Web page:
a component in the clinical decision-making process.2 Risk are a necessary link in the causal chain for dental caries, a sys-
assessment: tematic study of sugar consumption and caries risk has con-
1. Fosters the treatment of the disease process instead cluded that the relationship between sugar consumption and
of treating the outcome of the disease. caries is much weaker in the modern age of fluoride exposure
than previously thought.17 However, there is evidence that
night-time use of the bottle, especially when it is prolonged,
* The 2014 revision was limited to use of toothpaste in young children. may be associated with early childhood caries.18 Despite the fact

142 CLINICAL PRACTICE GUIDELINES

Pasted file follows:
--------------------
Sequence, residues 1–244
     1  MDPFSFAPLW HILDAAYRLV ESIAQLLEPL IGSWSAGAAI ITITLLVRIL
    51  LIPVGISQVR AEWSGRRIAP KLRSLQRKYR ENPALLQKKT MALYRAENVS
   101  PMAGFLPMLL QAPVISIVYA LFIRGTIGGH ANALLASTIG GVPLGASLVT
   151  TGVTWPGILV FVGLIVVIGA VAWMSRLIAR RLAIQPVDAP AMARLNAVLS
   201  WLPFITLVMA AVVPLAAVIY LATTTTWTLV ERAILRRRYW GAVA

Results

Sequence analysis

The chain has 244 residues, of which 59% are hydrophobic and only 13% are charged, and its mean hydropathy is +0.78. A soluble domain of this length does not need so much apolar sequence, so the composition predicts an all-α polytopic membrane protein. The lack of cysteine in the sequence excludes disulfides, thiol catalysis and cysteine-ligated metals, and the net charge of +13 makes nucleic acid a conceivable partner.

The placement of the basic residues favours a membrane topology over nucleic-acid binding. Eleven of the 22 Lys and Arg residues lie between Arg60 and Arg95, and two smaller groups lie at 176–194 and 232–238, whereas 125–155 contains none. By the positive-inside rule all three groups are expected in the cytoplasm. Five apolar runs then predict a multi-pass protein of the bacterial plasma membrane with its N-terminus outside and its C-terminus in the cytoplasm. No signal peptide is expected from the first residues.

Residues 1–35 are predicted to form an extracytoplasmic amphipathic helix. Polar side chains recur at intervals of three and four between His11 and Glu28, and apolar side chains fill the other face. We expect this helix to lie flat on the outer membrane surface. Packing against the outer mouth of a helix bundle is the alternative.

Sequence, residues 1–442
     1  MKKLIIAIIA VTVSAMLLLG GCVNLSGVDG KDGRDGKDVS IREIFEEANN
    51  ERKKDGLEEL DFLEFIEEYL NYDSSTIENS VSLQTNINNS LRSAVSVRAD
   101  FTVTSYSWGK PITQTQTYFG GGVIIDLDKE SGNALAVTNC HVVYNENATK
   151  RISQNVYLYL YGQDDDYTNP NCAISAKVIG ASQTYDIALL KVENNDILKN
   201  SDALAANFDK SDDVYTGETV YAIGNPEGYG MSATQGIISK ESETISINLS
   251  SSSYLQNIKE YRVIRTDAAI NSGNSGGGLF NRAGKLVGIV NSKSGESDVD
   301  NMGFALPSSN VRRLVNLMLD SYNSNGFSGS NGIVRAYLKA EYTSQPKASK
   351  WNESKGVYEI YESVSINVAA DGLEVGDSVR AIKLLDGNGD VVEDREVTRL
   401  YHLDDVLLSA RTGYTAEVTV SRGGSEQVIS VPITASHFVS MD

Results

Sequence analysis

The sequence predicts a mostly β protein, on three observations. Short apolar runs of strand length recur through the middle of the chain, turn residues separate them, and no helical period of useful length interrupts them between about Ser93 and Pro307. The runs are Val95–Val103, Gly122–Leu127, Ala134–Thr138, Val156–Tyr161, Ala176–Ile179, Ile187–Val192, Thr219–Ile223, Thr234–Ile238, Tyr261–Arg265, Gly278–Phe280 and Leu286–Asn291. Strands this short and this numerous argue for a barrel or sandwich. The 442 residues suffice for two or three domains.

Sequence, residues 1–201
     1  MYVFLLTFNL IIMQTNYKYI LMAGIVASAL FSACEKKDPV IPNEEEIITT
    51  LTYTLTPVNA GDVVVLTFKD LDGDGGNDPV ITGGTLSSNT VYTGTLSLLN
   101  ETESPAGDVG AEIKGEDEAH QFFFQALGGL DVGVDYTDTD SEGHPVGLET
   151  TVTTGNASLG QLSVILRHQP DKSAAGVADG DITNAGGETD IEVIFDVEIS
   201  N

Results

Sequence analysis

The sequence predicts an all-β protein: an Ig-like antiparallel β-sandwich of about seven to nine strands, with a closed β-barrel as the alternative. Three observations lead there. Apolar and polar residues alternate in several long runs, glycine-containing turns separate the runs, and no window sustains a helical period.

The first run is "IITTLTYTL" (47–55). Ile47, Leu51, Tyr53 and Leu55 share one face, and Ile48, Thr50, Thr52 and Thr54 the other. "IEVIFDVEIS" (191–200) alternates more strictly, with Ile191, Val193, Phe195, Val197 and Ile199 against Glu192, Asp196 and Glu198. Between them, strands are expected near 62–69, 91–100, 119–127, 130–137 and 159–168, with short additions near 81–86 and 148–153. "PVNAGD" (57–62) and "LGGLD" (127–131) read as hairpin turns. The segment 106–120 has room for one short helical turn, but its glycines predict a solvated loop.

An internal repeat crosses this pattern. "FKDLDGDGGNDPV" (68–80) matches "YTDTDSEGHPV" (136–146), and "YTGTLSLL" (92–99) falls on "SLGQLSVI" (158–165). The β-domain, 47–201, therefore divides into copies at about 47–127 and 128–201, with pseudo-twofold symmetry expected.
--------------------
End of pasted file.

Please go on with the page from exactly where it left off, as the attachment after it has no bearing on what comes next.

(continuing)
However.30 and fluoride varnishes generally are equal to that of for and justifying periodicity of services..26. frequent exposure to sugar containing snacks or beverages. because of its known benefit for dental health. Tables 1. Risk assessment categorization of low or high is based on preponderance of factors for the individual.23. the evolution of caries-risk fluoride applications performed semiannually also reduce assessment tools and protocols can assist in providing evidence caries. there is little evaluated in several populations with high caries prevalence.g. clinical judgment may justify the use of one factor (e. an inverse relationship be. studies have shown fined to provide greater predictably of caries in children prior consistent reduction in caries experience. reliable predictors and allow dental practitioners. Overall assessment of the child’s dental caries risk: High  Low  CLINICAL PRACTICE GUIDELINES 143 . Children with immigrant and adults. physicians.28 cents.and post-eruption fluoride exposure maximize the practical tools to assist dental practitioners. these tools can be re- With regard to fluoridated toothpaste. including children via their mothers. As new evidence emergences. modification of other professional topical fluoride vehicles. dren.33 With backgrounds have three times higher caries rates than non. and adoles significant caries reduction in primary and permanent teeth. 2.22 Perhaps another whether the effect is actually a measure of fluoride application type of sociodemographic variable is the parents’ history of or whether it is a result of mechanical removal of plaque.32 data about the prevalence of low salivary flow in children. Risk assessment tools can aid in the identification of and tooth brushing with fluoridated toothpaste. there only is a weak relationship immigrants. tween socioeconomic status and caries prevalence is found in which is confounded because it is difficult to distinguish studies of children less than six years of age.24 titioner is included in many caries-risk assessment models The most studied factors that are protective of dental ca. Furthermore. Caries-risk Assessment Form for 0-3 Year Olds 59. this has been found to be a The dental home or regular periodic care by the same prac- predictor of treatment for early childhood caries. physicians. AMERICAN ACADEMY OF PEDIATRIC DENTISTRY that normal salivary flow is an extremely important intrinsic The effect of sugar substitutes on caries rates have been host factor providing protection against caries.34 cavities and abscessed teeth. other non-dental health care providers in assessing levels of fluoridated communities. regard to toothbrushing.31 Table 1. visible cavities) in determining overall risk. and caries-preventive effects.35 ries include systemic and topical fluoride.29 Professional topical to disease initiation. children. fluoride supplements have shown a risk for caries development in infants.20 Studies indicate that xylitol can decrease MS levels in plaque Sociodemographic factors have been studied extensively to and saliva and can reduce dental caries in young children determine their effect on caries risk.25 Additionally.60 (For Physicians and Other Non-Dental Health Care Providers) Factors High Risk Low Risk Biological Mother/primary caregiver has active cavities Yes Parent/caregiver has low socioeconomic status Yes Child has >3 between meal sugar-containing snacks or beverages per day Yes Child is put to bed with a bottle containing natural or added sugar Yes Child has special health care needs Yes Child is a recent immigrant Yes Protective Child receives optimally-fluoridated drinking water or fluoride supplements Yes Child has teeth brushed daily with fluoridated toothpaste Yes Child receives topical fluoride from health professional Yes Child has dental home/regular dental care Yes Clinical Findings Child has white spot lesions or enamel defects Yes Child has visible cavities or fillings Yes Child has plaque on teeth Yes Circling those conditions that apply to a specific patient helps the health care worker and parent understand the factors that contribute to or protect from caries. and 3 incorporate available evidence into both pre. Teeth of chil.19. dren who reside in a fluoridated community have been shown and other nondental health care providers to become more to have higher fluoride content than those of children who actively involved in identifying and referring high-risk chil- reside in suboptimal fluoridated communities. between frequency of brushing and decreased dental caries.27 For individuals residing in non. sugar substitutes.21 Most consistently.